After the tech sector’s high-flying performance in 2017, and several years of outperforming the S&P 500 (SPX), there were some mixed opinions at the start of the year among analysts about whether or not that could continue in 2018.
A couple of common worries among analysts were the potential for profit taking, combined with speculation that investors would start to rotate out of the heavily crowded tech sector and into other sectors that were expected to benefit more from lower corporate tax rates after U.S. tax reform.
So far though, despite the increased volatility in 2018, the tech sector has been one of the best-performing sectors this year. The S&P Technology Select Sector Index (IXT) and the tech-heavy Nasdaq 100 (NDX) were both up about 5% as of Mar. 21, compared to less than a 1% increase in the SPX.
Ahead of Q1 earnings reports, the S&P 500 tech sector is expected to report 20.9% earnings growth and 14% revenue growth, according to FactSet as of Mar. 16. Since Dec. 31, the projected earnings growth for the sector has increased from 18.1%, however, the projected revenue growth dropped from 15%.
As far as individual companies go, here are some of the confirmed earnings-release dates so far:
- Netflix (NFLX) reports after market close on Monday, Apr. 16
- IBM (IBM) reports after the close on Tuesday, Apr. 17
- Alphabet (GOOG, GOOGL) reports after the close on Monday, Apr. 23
- Microsoft (MSFT) reports after market close on Thursday, Apr. 26
FAANG Stocks and Blue Chips
Markets have increasingly been driven by the major tech stocks as they have grown to occupy a larger part of the major indexes. Tech companies now account for roughly 25% of the SPX, according to S&P Global. Over the course of 2017, Apple (AAPL), Microsoft (MSFT), Amazon (AMZN) and Facebook (FB) routinely made up about 10% of the entire SPX (AMZN is technically classified as a consumer discretionary company, although it’s often lumped in with tech). Within the NDX, it’s even more concentrated. AAPL alone makes up about 10% of the NDX, according to Nasdaq’s figures.
The FAANG stocks—Facebook (FB), Amazon (AMZN), Apple (AAPL), Netflix (NFLX) and Alphabet (GOOG)—have been the ones regularly dominating the headlines and there isn’t as much discussion about some of the older companies that were looked at as the common blue-chip stocks. Overseas tech giants, such as Alibaba (BABA) and Tencent (TCEHY), have also increasingly become a part of the conversation. It seems like the definition of blue chip has been shifting for a lot of investors.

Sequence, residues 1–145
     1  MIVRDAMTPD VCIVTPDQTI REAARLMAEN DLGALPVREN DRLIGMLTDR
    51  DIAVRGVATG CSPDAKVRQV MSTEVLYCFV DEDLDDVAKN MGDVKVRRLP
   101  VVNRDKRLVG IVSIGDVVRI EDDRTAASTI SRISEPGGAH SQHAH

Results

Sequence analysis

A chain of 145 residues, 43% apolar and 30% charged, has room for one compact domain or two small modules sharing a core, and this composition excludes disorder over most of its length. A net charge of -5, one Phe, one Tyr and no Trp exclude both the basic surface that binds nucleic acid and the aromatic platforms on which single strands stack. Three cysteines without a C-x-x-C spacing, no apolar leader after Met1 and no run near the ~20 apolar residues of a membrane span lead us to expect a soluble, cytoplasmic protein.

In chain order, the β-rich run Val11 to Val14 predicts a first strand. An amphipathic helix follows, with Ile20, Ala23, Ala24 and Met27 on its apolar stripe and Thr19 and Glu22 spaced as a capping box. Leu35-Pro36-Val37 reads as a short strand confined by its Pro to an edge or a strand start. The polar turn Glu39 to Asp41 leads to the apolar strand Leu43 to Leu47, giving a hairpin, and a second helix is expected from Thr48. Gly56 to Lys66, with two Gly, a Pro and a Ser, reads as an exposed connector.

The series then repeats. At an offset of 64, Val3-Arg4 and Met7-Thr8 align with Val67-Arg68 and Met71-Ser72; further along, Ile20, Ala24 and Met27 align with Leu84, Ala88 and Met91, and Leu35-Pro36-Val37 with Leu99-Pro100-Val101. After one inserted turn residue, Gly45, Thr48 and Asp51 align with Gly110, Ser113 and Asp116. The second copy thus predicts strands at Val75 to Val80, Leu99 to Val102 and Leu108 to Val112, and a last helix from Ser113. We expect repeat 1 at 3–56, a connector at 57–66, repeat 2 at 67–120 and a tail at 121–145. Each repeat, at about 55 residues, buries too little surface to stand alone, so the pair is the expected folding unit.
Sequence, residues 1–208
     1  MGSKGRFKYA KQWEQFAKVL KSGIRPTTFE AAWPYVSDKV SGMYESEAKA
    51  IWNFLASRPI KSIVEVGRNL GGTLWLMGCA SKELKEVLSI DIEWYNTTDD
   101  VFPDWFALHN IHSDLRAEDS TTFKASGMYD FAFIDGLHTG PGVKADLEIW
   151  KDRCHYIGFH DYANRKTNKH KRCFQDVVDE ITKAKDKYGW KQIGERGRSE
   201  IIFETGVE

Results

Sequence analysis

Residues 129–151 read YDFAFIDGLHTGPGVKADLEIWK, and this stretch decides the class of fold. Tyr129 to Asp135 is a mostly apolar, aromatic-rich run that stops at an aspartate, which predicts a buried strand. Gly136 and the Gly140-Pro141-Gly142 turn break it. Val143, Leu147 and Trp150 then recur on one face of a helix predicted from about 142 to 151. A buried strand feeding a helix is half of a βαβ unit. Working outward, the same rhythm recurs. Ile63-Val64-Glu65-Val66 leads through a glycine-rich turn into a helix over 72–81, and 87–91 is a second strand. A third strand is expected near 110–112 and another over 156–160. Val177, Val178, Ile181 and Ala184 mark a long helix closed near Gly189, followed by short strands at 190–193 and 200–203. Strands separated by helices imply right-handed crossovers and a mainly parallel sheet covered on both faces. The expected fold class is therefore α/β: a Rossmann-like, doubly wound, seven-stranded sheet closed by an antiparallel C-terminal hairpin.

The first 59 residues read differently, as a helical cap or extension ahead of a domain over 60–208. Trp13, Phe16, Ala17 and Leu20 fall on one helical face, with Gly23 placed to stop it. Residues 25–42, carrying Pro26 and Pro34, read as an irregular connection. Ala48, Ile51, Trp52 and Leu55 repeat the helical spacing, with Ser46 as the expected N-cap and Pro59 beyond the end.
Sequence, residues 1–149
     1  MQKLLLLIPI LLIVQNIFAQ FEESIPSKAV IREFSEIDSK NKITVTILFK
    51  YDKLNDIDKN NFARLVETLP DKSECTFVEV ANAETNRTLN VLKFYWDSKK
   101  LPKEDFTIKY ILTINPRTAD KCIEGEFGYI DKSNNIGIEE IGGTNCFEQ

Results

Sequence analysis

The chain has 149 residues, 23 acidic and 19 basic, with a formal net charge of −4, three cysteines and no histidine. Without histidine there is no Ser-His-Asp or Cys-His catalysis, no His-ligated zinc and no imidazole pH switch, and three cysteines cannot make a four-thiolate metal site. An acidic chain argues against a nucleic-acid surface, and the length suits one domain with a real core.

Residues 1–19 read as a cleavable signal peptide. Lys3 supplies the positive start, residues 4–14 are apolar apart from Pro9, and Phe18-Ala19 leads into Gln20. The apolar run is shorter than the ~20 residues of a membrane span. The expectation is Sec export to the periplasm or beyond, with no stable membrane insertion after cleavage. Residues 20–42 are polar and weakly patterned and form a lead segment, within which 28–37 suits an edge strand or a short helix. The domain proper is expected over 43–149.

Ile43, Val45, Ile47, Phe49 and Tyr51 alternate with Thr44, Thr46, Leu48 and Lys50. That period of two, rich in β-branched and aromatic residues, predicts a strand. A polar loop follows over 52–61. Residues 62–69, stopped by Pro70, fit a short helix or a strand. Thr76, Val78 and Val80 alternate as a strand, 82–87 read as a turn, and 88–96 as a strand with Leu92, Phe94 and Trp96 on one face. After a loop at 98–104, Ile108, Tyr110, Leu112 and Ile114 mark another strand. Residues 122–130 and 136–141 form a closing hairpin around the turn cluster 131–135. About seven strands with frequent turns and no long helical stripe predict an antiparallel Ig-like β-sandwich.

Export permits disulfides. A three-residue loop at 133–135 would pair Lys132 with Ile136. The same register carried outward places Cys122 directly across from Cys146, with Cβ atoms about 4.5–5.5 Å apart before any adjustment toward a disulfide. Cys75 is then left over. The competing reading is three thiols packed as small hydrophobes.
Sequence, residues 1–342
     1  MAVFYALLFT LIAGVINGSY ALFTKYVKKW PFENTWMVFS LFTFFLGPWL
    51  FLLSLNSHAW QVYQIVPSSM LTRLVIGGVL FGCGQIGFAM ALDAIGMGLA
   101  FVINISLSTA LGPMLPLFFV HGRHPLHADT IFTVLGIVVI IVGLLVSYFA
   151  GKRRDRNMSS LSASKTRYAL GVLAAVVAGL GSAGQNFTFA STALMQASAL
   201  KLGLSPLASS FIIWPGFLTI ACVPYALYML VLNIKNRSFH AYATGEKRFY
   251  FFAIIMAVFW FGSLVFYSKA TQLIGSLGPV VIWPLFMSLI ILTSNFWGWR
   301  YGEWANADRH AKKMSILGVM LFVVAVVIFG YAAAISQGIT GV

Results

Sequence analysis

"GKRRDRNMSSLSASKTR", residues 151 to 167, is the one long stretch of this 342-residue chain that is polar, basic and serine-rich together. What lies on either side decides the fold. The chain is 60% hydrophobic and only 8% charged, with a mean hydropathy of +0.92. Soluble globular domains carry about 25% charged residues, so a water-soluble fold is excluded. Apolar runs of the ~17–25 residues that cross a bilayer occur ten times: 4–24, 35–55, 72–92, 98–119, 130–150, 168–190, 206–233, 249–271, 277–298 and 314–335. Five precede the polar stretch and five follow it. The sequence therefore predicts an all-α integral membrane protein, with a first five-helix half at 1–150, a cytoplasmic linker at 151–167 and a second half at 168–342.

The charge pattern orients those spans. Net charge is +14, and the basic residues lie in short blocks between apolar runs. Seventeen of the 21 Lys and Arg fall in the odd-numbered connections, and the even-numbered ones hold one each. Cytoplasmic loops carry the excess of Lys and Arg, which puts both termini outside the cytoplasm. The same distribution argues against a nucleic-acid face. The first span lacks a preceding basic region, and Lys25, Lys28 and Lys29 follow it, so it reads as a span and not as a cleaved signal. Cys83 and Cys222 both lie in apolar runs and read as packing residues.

Heard on Earnings Calls
For investors that listened to a lot of the earnings calls from the tech sector last quarter, management from a lot of different companies was talking about global growth, seeing a recovery in business in Europe and Asia, and the U.S. economy improving as positive tailwinds.
Recent tax reform was another topic of discussion as many large tech companies took tax charges on profits held overseas. Now that they’ve paid taxes on that overseas cash and it’s a little further into 2018, management might provide some additional details of how they’re planning on using it.
Regulatory Concerns Adding to Choppy Trading
Congress has called on executives to testify from many different industries in the past, and the major tech companies have been under more scrutiny regarding privacy, security, and the way data is being used. FB, Twitter (TWTR) and other stocks have seen heightened volatility and knee-jerk swings over the past few days as concerns again cropped up that Washington might be considering regulatory action.
On top of that, the debate around net neutrality hasn’t stopped with the FCC’s recent repeal, another source of some volatility over the past few months in the tech sector. Remember to look at the facts and keep your emotions in check when you’re trading. Headlines can drive a quick market reaction, but when the details actually emerge, it provides investors more info to analyze and decide the course of action they want to take.
It’s good to acknowledge and evaluate potential risks, but consider focusing on what you can control. Check in on your investments on a monthly, or at least quarterly basis, to ensure that your portfolio is in line with your goals and needs. If it’s not, take some time to look at what moves you might want to make.
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